I have to admit, it felt kind of nice to give myself permission to wrap up projects so that I could move on with less clutter and no more (or rather, fewer) unfinished projects weighing on my conscience.
I rather quickly plied up the two ounces of fiber that I had spun so I could get a new project on my wheel.
I think it came out pretty well at around 600 yards to 2oz. Less yardage than I actually expected, but I'm happy with it (and even more happy that it's done.) The fiber was from Knitnzu in a colorway from Spunky Eclectic that she selected just for me.
Despite it taking forever, the fiber itself was a joy to spin and I do look forward to spinning the other two ounces at some point. The fiber is 80% mixed BFL and 20% silk. Yum.
I dove into my fiber stash and found a bit of mystery fiber with no label, but I'm assuming it was mixed BFL. There was only one ounce, which was perfect because I wanted instant gratification after that long-term project.
I had it spun and plied in less than two hours. I wanted to try out chain plying to keep the colors separated and I think it worked out pretty well. 85 yards and no idea what I'm going to do with it, but it served its purpose.
After I finished that colorful yarn, I spent a bit of time playing around with different fibers just to play. I never created a finished yarn, but simply sampled and tried different things out. Then a few days ago I selected my next bump of fiber to spin up and got started.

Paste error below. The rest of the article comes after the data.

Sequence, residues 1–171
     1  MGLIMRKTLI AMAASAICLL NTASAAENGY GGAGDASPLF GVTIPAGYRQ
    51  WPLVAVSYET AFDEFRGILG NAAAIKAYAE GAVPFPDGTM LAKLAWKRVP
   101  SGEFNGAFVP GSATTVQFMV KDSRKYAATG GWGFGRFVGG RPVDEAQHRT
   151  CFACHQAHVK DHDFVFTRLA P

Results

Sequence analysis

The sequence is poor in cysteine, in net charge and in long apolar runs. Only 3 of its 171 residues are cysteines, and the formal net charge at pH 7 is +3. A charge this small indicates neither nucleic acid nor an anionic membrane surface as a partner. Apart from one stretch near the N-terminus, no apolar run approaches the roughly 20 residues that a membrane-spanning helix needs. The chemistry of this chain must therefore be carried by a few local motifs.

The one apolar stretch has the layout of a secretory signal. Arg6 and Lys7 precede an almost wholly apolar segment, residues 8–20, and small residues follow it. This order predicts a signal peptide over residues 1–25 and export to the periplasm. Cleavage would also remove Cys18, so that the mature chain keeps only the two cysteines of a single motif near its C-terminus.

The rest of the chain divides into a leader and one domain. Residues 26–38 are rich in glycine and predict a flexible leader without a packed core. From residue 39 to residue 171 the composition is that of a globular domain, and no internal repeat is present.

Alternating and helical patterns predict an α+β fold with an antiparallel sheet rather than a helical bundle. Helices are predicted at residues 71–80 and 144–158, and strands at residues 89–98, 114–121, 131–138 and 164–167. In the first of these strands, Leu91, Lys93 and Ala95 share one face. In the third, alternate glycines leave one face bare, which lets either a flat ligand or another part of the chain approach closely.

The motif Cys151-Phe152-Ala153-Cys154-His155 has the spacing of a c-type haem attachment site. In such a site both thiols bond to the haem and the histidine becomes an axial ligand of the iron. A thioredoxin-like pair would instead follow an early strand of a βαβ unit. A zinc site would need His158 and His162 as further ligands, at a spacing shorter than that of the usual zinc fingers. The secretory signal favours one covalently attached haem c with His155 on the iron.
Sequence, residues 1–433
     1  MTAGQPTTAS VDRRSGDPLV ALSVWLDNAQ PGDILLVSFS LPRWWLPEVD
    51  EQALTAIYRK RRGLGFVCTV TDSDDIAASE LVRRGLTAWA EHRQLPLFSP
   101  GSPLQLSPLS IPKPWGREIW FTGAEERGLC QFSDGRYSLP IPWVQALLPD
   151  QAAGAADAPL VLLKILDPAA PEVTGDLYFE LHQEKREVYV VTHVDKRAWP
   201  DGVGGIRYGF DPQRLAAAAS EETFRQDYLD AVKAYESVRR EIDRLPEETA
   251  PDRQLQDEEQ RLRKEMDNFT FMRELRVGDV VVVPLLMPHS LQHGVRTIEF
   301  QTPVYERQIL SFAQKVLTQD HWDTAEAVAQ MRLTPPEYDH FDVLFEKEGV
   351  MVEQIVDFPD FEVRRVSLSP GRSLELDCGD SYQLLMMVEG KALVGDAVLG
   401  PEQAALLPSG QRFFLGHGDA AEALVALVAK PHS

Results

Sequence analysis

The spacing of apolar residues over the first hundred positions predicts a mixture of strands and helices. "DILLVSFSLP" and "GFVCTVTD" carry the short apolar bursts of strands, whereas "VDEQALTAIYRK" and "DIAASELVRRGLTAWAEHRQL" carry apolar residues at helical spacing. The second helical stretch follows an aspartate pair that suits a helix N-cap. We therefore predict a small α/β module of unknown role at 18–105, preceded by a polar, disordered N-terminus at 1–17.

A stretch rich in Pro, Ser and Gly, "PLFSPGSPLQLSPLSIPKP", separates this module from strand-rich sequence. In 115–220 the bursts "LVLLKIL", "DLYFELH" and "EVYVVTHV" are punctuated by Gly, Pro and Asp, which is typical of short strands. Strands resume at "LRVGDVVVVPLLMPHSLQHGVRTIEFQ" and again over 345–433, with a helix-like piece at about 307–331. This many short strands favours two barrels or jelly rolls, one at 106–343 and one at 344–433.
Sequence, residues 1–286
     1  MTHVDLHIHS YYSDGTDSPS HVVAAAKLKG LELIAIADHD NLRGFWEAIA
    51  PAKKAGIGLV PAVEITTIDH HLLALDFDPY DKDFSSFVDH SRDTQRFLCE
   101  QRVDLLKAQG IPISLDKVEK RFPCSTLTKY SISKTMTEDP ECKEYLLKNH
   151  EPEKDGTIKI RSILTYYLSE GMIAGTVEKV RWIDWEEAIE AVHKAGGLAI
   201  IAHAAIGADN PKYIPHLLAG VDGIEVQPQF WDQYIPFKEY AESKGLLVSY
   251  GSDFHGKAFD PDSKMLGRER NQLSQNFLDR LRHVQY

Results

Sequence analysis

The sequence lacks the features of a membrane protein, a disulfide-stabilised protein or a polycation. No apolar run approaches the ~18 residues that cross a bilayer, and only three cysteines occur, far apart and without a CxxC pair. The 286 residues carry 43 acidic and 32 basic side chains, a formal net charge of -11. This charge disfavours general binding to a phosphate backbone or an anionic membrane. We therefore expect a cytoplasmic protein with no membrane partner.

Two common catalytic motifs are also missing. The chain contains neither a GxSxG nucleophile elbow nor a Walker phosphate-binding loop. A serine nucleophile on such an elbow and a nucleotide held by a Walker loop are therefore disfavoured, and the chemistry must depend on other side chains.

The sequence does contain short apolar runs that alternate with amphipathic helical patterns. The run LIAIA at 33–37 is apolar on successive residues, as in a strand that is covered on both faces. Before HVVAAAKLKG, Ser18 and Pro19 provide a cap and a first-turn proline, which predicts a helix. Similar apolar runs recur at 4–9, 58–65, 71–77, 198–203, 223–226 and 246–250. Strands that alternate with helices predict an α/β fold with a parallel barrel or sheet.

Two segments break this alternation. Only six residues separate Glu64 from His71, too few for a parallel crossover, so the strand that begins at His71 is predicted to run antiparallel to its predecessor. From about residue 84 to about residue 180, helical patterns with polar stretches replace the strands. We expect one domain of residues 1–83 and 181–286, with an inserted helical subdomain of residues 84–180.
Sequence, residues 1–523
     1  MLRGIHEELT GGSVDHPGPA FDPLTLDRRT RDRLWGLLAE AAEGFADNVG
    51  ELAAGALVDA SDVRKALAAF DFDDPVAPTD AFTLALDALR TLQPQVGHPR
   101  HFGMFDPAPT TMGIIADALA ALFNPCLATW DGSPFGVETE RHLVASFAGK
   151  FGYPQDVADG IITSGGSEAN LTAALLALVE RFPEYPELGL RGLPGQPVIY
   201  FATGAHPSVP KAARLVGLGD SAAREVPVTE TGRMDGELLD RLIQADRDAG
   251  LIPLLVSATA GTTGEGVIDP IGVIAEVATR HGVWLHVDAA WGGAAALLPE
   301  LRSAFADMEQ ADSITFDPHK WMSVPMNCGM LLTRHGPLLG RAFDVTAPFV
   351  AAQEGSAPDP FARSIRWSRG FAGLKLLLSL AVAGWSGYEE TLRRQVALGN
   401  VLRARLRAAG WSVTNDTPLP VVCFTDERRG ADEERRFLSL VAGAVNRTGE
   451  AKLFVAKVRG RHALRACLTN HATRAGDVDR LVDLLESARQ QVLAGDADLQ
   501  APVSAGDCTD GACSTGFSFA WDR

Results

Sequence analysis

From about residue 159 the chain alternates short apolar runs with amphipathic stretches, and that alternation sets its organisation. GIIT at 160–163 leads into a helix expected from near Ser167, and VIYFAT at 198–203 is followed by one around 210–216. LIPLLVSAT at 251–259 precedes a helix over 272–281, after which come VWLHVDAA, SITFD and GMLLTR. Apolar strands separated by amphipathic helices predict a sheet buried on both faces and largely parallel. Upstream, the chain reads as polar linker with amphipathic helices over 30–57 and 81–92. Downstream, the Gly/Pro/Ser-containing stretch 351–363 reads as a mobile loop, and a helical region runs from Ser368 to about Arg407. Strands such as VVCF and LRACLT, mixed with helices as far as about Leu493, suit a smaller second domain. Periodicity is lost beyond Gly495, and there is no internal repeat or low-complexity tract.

Before I knew it, I had spun up the whole 4oz. in an afternoon. The fiber is Coopworth dyed by Dan at Gnomespun. Coopworth is a cross between Romney and Border Leicester, which gives it a longer fiber length that is relatively coarse. The fiber was prepared as roving and there was no way it was going to spin into a smooth, lustrous single, so I did what I could to emphasize the fuzziness of the yarn. I think the fiber is robust enough to create a fuzzy yarn that will still resist pilling and will wear quite well. This is destined to become a 3-ply yarn.
And as for my weaving? I simply cut it off the loom and hung it on my wall as is.
I'm actually quite enamored with the unfinished quality of it. I didn't bother dealing with any loose ends, nor did I do hemstitching or secure those loose warp threads. It won't last forever, but for now I kind of like it.